Correspondence: M. Macura, U.N. Population Division/DIESA, United Nations, New York, NY 10017. Location: Princeton University Library (SPR).

56:30678 Morocco. Direction de la Statistique. Centre d'Etudes et de Recherches Demographiques (Rabat, Morocco). Education and demographic trends in Morocco. [Education et changements demographiques au Maroc.] Etudes Demographiques, 1989. 203 pp. Rabat, Morocco. In Fre.
This study examines four aspects of the relationship between demographic trends and education in Morocco. Separate consideration is given to the impact of education on mortality, education and fertility, migration and education, and education and economic activity. Data are from national sources, including both censuses and surveys.
Correspondence: Centre d'Etudes et de Recherches Demographiques, Direction de la Statistique, B.P. 178, Charii Maa El Ainain, Rabat, Morocco. Location: Princeton University Library (SPR).

56:30679 Reynolds, Sian. Who wanted the creches? Working mothers and the birth-rate in France, 1900-1950. Continuity and Change, Vol. 5, No. 2, Aug 1990. 173-97 pp. Cambridge, England. In Eng. with sum. in Fre; Ger.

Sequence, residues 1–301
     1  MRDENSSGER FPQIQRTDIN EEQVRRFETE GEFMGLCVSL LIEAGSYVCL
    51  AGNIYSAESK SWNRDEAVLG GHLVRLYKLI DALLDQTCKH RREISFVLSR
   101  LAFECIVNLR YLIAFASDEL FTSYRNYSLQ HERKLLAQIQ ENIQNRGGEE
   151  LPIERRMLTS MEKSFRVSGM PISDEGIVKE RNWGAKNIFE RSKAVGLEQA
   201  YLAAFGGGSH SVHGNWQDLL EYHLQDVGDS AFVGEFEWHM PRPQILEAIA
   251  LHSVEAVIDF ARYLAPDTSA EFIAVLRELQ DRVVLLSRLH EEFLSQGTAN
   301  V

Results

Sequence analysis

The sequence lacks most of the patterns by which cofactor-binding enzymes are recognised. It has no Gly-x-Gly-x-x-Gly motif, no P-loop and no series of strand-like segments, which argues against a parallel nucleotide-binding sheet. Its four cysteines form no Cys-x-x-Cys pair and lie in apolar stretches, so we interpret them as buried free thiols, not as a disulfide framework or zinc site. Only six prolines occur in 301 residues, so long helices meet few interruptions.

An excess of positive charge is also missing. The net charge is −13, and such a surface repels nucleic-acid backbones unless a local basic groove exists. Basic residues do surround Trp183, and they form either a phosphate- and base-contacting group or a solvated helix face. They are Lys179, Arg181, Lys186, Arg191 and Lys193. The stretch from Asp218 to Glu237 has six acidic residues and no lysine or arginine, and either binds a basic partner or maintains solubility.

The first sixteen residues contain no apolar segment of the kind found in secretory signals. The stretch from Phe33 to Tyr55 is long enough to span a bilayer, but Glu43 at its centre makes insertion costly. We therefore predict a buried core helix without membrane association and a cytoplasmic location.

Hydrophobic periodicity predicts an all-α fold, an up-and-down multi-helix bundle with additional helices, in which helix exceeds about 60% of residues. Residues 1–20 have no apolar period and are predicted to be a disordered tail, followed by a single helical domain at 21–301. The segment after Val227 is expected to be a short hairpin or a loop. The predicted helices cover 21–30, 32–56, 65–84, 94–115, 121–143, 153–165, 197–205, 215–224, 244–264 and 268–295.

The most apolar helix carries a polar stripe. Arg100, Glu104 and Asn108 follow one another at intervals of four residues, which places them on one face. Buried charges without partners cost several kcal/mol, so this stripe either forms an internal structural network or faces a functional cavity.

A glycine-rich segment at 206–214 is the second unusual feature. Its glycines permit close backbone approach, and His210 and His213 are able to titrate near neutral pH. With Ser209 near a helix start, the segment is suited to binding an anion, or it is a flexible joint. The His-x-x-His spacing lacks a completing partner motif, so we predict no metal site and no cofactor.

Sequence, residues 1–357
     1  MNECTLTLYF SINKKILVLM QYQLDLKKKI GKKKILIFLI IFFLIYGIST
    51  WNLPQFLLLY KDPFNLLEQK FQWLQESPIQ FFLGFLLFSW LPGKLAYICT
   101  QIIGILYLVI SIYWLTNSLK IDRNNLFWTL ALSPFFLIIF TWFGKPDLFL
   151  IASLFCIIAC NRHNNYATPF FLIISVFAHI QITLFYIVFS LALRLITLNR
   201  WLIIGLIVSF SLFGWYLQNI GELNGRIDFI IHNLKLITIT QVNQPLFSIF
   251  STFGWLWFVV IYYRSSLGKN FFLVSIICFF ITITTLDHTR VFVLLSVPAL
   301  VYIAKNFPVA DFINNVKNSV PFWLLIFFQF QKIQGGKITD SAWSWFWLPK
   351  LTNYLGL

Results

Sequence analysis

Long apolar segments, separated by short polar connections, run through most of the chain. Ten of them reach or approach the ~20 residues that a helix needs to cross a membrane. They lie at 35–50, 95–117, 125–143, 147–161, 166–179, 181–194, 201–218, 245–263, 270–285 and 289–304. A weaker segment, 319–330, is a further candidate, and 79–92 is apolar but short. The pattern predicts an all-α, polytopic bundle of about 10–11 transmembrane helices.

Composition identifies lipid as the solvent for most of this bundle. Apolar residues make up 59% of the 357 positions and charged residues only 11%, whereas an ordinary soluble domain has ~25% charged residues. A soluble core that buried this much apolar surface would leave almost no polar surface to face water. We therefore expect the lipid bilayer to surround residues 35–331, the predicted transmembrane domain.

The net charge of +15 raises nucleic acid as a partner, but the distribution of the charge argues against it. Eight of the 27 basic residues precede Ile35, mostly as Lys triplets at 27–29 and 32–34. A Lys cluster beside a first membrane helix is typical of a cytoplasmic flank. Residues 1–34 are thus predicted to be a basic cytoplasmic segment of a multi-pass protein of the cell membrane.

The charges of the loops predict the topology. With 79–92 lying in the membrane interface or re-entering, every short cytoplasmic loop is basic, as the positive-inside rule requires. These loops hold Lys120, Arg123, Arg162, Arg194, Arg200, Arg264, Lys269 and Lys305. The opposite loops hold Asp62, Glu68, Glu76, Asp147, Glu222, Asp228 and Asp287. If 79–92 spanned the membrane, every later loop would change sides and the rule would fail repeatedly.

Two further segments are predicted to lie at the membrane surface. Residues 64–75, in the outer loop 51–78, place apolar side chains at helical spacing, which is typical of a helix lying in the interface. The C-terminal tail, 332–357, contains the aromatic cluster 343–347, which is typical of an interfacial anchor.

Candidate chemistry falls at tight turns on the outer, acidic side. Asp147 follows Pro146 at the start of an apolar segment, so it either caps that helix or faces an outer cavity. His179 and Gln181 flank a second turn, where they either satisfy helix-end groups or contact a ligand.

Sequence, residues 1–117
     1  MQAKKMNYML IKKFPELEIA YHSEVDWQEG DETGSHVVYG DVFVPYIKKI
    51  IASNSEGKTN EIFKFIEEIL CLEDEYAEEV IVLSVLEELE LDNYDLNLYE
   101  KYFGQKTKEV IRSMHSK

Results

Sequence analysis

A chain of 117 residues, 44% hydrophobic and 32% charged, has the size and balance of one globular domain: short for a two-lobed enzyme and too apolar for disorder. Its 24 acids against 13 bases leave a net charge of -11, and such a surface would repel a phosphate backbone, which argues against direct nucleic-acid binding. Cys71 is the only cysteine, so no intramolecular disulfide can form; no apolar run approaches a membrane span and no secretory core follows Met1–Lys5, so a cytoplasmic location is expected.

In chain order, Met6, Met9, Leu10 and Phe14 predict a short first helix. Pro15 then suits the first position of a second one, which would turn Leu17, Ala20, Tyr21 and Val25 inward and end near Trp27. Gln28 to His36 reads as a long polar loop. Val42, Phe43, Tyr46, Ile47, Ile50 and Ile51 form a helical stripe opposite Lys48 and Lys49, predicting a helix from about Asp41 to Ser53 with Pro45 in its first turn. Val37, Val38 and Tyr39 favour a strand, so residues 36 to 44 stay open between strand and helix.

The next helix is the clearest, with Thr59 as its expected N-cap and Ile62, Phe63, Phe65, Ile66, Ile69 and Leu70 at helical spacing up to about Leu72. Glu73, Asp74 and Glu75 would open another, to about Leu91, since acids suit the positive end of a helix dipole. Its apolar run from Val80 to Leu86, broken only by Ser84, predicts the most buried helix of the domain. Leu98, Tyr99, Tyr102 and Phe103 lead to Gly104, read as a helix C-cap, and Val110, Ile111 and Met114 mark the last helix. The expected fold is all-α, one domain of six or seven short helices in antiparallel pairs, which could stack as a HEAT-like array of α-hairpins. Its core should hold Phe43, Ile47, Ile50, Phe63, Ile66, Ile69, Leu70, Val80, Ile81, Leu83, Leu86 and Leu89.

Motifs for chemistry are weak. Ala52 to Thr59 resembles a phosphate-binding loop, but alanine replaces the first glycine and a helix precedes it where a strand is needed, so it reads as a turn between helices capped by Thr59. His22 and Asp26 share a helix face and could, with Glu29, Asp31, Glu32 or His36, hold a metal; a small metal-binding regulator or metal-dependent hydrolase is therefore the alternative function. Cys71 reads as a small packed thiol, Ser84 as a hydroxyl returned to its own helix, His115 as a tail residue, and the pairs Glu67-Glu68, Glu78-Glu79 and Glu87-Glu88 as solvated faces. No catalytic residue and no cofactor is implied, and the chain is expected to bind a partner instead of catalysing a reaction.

The author outlines the history of day-care centers, or creches, in France during the first half of the twentieth century. Consideration is given to the various political and social movements that supported or opposed the institution and to the causes for the creche's inception, particularly female labor force participation and the high infant mortality rate associated with other forms of child care. The author concludes that "the present relatively generous creche provision in France may owe its existence more to demographic concerns than to pressures from either parents or the women's movement."
Correspondence: S. Reynolds, University of Edinburgh, Department of French, Edinburgh EH8 9YL, Scotland. Location: Princeton University Library (SPR).

56:30680 Schwarz, Karl. Women's educational attainment and its significance for the labor market, marriage, and family formation. [Die Bildungsabschlusse der Frauen und ihre Bedeutung fur den Arbeitsmarkt, die Eheschliessung und die Familienbildung.] Zeitschrift fur Bevolkerungswissenschaft, Vol. 15, No. 4, 1989. 361-82 pp. Wiesbaden, Germany, Federal Republic of. In Ger. with sum. in Eng; Fre.
The effects of the increase in women's educational level on their labor force participation, marriage rates, and fertility levels in West Germany are examined. The author finds a strong correlation between the rise in women's educational status and their economic activity and notes that although university-educated women remain single more often and for longer periods than less-educated women, when they marry they have a relatively high number of children. Men's lack of acceptance of the changes in women's status is linked to educated women's lower marriage rates.